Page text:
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SERDP and ESTCP have launched a webinar series to promote the transfer of innovative, cost-effective and sustainable solutions developed through projects funded in five program areas. The webinar series targets Department of Defense and Department of Energy practitioners, the regulatory community and environmental researchers with the goal of providing cutting edge and practical information that is easily accessible at no cost.
Watershed Modeling and Assessment to Sustain and Enhance Military Mission and Training by Dr. David Goodrich
DoD Instruction 4715.03 calls for a watershed-based approach to manage operations, activities, and lands to avoid or minimize impacts to wetlands, groundwater, and surface waters on or adjacent to installations. Watershed modeling systems are a critical component to support this mandate, as well as maintain military training and the sustainability of DoD lands. A series of three ESTCP projects were initiated and designed to both validate and demonstrate three modeling systems on military installations. These systems include: (1) Better Assessment Science Integrating point and Nonpoint Sources (BASINS) Modeling System with enhancements for military-specific applications for demonstration at Fort Benning and Fort AP Hill; (2) Hydrological Simulation Program-Fortran (HSPF) combined with the Hydrologic Engineering Centers River Analysis System (HEC-RAS) at Fort Hood and Naval Base Ventura County; and (3) Automated Geospatial Watershed Assessment (AGWA) coupled with the Facilitator multi-objective Decision Support Tool (DST) at Piñon Canyon Maneuver Site, Fort Bliss, and Fort Carson. Each project will demonstrate the relationship between model performance and alternative levels of data availability and provide uncertainty analyses for model predictions. Successful demonstration and validation of these technologies will support their transfer to other DoD installations and demonstrate the ability to do so in a cost-efficient manner.
Optimization of Stormwater Modeling Approach by Ms. Heidi Howard
Urban development can lead to deterioration of hydrologic and water quality runoff conditions. In response to growing concerns about adverse environmental impacts resulting from unmitigated urban stormwater runoff, regulatory agencies have adopted stringent requirements to limit or mitigate downstream hydrologic and water quality impacts. This includes Section 438 of the Energy Independence and Security Act (EISA). To comply with EISA, military installations must carry out modeling analyses to identify appropriate sizes of best management practices (BMPs) or low impact development (LID) structures for stormwater control to achieve no net change in hydrology from the existing condition. To address the question of model selection appropriateness, Tetra Tech and Air Force Civil Engineer Center (AFCEC) developed a tool designed to help DoD facilities achieve compliance with regulatory stormwater requirements for the minimum volume/cost possible. Depending upon specific site conditions, the Model Selection Tool recommends one modeling method out of three possible alternatives: a simple design storm approach (e.g., the 95th percentile rainfall treatment), a simple continuous simulation approach (SWMM), or a continuous simulation approach that is coupled with optimization (SUSTAIN). The Model Selection Tool is now being validated by Tetra Tech and ERDC-CERL across 45 installations of widely varying climatic and regional conditions. A full-scale demonstration will take place at two installations to showcase the capabilities of Stormwater Management Optimization Toolbox (SMOT) to illustrate the ease and validities of the model selection element.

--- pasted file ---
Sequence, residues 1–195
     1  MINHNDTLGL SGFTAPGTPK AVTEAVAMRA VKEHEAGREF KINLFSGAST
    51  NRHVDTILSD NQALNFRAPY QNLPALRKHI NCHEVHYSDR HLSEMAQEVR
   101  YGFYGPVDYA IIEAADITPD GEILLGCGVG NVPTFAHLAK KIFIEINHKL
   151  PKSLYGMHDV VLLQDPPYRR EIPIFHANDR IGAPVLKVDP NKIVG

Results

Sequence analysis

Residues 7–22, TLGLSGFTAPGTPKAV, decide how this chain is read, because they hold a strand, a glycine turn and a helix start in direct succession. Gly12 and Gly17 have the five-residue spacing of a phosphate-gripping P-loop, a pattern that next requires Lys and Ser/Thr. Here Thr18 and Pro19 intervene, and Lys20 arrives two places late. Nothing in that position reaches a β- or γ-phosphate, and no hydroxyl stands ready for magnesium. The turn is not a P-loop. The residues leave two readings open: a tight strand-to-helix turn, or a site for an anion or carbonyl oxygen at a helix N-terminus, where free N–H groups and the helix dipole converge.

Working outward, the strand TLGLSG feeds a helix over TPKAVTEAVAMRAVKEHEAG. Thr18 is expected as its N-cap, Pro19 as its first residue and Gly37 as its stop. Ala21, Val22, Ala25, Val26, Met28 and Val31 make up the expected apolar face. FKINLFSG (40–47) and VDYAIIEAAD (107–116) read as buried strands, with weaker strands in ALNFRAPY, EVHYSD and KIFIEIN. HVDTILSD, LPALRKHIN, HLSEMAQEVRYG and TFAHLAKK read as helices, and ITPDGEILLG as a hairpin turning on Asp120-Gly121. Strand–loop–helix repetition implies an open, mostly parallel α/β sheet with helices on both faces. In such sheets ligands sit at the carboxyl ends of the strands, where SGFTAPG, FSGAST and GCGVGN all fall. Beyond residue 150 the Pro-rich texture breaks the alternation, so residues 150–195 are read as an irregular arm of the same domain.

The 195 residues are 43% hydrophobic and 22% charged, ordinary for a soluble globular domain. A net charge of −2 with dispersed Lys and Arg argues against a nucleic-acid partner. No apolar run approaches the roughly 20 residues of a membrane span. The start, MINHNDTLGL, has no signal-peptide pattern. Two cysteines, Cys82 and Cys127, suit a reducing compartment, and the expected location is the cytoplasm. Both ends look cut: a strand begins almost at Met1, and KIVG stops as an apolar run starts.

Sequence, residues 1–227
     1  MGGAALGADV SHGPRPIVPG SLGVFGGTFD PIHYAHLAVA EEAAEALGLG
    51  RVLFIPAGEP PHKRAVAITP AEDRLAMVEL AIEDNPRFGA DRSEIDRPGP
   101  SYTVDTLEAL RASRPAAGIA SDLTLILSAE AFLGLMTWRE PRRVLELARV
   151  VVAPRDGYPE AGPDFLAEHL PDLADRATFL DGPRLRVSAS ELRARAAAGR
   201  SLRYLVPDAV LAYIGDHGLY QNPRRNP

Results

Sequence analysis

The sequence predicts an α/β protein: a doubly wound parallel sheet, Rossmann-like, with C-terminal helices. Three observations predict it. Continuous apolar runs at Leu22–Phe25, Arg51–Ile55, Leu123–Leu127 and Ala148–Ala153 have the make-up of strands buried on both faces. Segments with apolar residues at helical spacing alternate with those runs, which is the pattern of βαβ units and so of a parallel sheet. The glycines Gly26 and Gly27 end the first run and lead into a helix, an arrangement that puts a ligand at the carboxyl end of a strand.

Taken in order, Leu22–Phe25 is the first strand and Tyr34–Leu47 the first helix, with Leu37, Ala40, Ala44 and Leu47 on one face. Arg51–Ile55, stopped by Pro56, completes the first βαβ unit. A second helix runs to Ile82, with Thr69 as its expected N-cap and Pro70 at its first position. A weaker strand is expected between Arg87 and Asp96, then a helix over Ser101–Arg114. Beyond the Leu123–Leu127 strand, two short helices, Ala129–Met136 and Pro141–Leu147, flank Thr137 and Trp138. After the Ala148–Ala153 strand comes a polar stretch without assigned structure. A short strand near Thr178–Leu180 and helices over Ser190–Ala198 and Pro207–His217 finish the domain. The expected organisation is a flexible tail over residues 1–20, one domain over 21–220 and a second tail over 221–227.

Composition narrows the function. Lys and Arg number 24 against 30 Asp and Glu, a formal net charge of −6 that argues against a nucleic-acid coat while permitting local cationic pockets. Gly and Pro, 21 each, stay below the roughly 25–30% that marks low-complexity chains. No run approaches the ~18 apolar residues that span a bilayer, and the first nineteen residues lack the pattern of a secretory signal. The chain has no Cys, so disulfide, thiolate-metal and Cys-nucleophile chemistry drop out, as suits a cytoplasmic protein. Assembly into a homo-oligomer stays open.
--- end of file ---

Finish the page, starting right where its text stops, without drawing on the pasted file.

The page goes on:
Dr. Dave Goodrich is a Lead Scientist and Research Hydraulic Engineer with the U.S. Department of Agriculture's Agricultural Research Service at the Southwest Watershed Research Center in Tucson, Arizona, where he has worked since 1988. He also serves as an Associate Adjunct Professor in the Department of Hydrology and Water Resources at the University of Arizona where he received his Ph.D. His current research efforts are directed to: scaling issues in rainfall-runoff and erosion modeling; identification of dominant hydrologic processes over a range of basin scales; climatic change impacts on hydrologic response; and incorporation of remotely sensed data into hydrologic models. Dr. Goodrich also holds Bachelor's and Master's degrees in Civil and Environmental Engineering from the University of Wisconsin-Madison, and is a licensed Professional Engineer in Wisconsin.
Ms. Heidi Howard is a Research Agronomist for Military Lands with the Army’s Engineer Research and Development Center at the Construction Engineering Research Laboratory in Champaign, Illinois. Heidi is the program lead for development of methodologies and algorithms for quantification of cumulative interactions of land management and military systems on training lands. This includes the development, validation, and implementation of stormwater and erosion control management designs, military vehicle impact models, vehicle impact assessment, and vegetation recovery. Ms. Howard is responsible for research on sustainable lands and ranges for military installations. She holds a Bachelor's degree in Biology from Western Illinois University and a Master's degree in Natural Resources and Environmental Sciences from University of Illinois.